Of the remaining $100,000 of the payment to K & N, Huston and his business paid $24,977 to buy a Chevrolet Suburban for Belcourt, the title of which was then transferred to the daughter then-tribal council Chair Bruce Sunchild — also indicted this year for embezzlement — who was one of the officials approving the $300,000 check.
Huston paid $12,832 for repairs to a vehicle of Houle’s — he also was one of the officials approving the check — and a $20,000 check made out to “Cash” with the notation “Mervin Witford — on CCCC Rocky Boy’s Tribe.” Whitford is the brother of Theodore Whitford, who also approved the check, the prosecution said.
Huston and his business kept the remaining $42,200, the prosecution said.
In his response, Huston admitted to overbilling the tribe in a different instance, charging $120,000 for $4,000 of work dealing with road construction. He denied that the government could have proved the other elements of the crimes.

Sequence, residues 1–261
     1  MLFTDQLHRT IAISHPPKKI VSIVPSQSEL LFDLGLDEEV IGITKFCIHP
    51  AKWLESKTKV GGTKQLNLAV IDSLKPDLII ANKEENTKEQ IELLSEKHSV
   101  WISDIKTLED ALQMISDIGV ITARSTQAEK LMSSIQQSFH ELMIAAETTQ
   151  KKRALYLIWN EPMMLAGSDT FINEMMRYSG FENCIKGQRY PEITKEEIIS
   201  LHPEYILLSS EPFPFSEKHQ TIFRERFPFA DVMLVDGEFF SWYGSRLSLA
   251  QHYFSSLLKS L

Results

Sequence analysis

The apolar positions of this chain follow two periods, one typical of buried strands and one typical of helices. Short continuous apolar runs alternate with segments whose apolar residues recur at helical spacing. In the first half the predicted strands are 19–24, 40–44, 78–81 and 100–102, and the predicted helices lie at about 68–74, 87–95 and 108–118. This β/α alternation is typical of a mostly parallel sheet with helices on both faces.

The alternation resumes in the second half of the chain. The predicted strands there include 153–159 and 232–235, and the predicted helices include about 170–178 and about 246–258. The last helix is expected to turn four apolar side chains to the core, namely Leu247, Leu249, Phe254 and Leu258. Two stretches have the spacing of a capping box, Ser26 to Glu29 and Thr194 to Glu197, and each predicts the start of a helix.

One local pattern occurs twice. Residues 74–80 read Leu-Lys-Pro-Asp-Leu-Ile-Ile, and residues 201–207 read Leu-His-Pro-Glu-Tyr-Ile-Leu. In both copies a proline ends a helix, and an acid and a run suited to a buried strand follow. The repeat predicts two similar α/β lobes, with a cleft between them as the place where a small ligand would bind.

Bribing with a car
The bribery charge to which Huston pleaded guilty was about the car the government says he bought for Belcourt that was then transferred to Sunchild’s daughter.
Huston admitted to rewarding Sunchild but not to bribing him, with the difference being a reward is for past actions while a bribe is to influence future decisions. That impacts the sentencing guidelines, he said.
Failing to record
The other count to which Huston pleaded guilty was that he failed to file required reports with the government on transactions of $10,000 or more at businesses registered as money service businesses.
The prosecution said it could have proven that Huston cashed 19 checks of $10,000 or more, withdrawing money from his bank accounts to cover the transactions, and cashed three checks totalling $20,0000 for Hailey Belcourt and cashed six checks for another customer totalling $15,000, all of which would have required a report be filed.
The government could find no record of any reports being filed for the businesses, the prosecution said.
Huston said most of the transactions for various reasons did not require the report be filed. He asked the court to limit his punishment based on what he did admit.